SeaChange: We All Live Downstream

Participatory public art project with Mare Liberum, commissioned by – covering 160 miles on the Hudson River in full-size boats made of paper. 20x30" Broadsheets, Video, Website, Audio (rebroadcast daily on WGXC radio). (2014)

In September of 2014, Mare Liberum partnered with the global climate activist group to produce a series of events around extreme energy and water-as-commons, to coincide with the annual UN high-level meeting here in New York City.

SeaChange culminated in a 150-mile voyage down the Hudson River (from Troy to New York City) in a fleet of hand-crafted paper boats.  This on-the-water, durational performance lasted three weeks and served as an experiment in visualizing the impossible. The project invited collaborations with boat clubs, colleges, small presses, community centers, individual activists, artists, and art spaces – and a rotating crew of over fifty volunteer paddlers from diverse backgrounds – galvanizing communities along the river through events focused on regional climate and water concerns.

Working with organizations like Riverkeeper, Stop the Algonquin Pipeline Expansion, and with indigenous representatives from Algonquin, Wampanoag, and visiting Lakota tribes, SeaChange revealed how fossil fuel extraction and transport threatens the river ecosystem and affects low-income communities around the country. Along the way, we collected narratives of community response to climate change and shared them, both in an online journal and in public talks aboard the historic ship Lilac moored in Battery Park City. Our arrival in New York City was marked by two culminating participatory events: the symbolic de-colonizing of an island in the East River and its dedication to global climate change refugees, and a traditional Lakota water ceremony led by tribal leaders. SeaChange posited that artists play an important role in shaping culture, in increasing civic engagement and community responsibility, and even in suggesting unconventional solutions to staggeringly complex policy and ecological issues. As we learned with SeaChange, water is an equalizer – we all live downstream, and we all require clean water – as well as a metaphor for our interdependence and interconnectivity to each other.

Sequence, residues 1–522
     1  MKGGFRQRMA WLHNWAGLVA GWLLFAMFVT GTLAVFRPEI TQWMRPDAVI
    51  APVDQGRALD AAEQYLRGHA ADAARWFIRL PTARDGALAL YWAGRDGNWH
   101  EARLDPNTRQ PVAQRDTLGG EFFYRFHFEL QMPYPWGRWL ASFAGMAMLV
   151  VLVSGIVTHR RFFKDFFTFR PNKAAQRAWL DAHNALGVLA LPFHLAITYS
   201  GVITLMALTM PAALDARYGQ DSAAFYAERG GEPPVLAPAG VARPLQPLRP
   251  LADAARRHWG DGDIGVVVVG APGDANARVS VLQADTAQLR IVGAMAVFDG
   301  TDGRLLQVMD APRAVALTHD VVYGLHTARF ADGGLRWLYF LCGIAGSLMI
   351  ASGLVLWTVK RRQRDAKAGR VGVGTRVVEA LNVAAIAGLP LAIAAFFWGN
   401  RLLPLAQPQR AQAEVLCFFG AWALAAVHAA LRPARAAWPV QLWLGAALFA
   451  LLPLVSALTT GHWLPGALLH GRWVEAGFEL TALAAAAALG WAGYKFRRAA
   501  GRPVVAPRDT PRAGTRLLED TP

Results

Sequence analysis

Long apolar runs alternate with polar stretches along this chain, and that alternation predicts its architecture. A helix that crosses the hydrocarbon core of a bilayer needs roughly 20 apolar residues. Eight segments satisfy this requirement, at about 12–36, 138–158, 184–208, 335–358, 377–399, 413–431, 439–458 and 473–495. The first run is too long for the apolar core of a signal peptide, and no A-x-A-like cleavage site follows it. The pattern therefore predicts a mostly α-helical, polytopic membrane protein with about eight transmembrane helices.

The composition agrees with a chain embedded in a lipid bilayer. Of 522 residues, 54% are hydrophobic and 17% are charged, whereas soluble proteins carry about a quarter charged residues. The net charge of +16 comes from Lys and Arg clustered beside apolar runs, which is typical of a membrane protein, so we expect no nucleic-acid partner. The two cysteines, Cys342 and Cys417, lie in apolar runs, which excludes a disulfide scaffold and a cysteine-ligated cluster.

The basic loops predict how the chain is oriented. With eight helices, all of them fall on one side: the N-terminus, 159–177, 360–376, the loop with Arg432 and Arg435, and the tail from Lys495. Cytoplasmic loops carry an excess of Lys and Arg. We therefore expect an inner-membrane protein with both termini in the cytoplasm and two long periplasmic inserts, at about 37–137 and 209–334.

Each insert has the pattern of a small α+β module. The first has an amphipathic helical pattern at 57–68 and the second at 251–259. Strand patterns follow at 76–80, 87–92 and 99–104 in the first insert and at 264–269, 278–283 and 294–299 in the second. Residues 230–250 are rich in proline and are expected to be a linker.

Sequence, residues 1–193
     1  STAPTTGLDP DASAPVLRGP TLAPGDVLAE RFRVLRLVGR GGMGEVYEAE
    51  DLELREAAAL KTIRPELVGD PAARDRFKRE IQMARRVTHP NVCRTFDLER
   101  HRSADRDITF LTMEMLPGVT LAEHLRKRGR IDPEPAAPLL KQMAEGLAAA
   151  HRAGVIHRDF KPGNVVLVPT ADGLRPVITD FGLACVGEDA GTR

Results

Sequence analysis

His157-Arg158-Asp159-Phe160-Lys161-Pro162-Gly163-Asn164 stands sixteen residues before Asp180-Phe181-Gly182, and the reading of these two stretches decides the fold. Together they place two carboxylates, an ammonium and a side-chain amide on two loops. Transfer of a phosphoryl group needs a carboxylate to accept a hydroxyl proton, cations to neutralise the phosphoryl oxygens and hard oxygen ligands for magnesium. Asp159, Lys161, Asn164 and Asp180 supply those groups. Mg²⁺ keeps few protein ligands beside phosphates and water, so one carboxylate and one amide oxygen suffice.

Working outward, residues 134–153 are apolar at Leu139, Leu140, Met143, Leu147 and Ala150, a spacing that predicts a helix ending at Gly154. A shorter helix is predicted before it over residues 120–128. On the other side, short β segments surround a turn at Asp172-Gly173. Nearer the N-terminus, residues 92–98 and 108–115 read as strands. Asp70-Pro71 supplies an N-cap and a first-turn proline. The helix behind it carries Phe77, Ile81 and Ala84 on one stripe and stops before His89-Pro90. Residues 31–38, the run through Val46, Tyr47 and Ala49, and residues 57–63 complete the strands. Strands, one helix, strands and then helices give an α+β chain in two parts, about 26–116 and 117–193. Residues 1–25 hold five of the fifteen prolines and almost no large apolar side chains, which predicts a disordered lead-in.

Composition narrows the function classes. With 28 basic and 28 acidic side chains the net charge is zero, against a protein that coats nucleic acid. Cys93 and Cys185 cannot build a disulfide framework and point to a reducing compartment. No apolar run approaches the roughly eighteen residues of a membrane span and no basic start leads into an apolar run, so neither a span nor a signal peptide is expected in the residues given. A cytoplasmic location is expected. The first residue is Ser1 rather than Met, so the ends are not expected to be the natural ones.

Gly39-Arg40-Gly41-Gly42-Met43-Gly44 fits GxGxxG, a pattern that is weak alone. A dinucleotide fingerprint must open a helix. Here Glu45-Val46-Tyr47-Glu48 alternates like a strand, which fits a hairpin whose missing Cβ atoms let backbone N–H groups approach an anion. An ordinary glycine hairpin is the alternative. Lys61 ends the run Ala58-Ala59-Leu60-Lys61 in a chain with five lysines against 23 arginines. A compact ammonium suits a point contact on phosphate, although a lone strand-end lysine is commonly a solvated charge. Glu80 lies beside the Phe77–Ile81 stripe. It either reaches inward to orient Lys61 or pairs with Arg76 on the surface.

This project was produced in close collaboration with Sunita Prasad, Jean Barberis, Kevin Buckland, and Amaranta Herrero and the rest of the Mare Liberum crew – Kendra, Stephan, Ben.

See Also: SeaChange Tumblr.

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  • (The above video was produced by Troy-based collective Hypergeist in advance of the journey.)

Exhibition Timeline

Floating Library, Lilac, NYC 2015.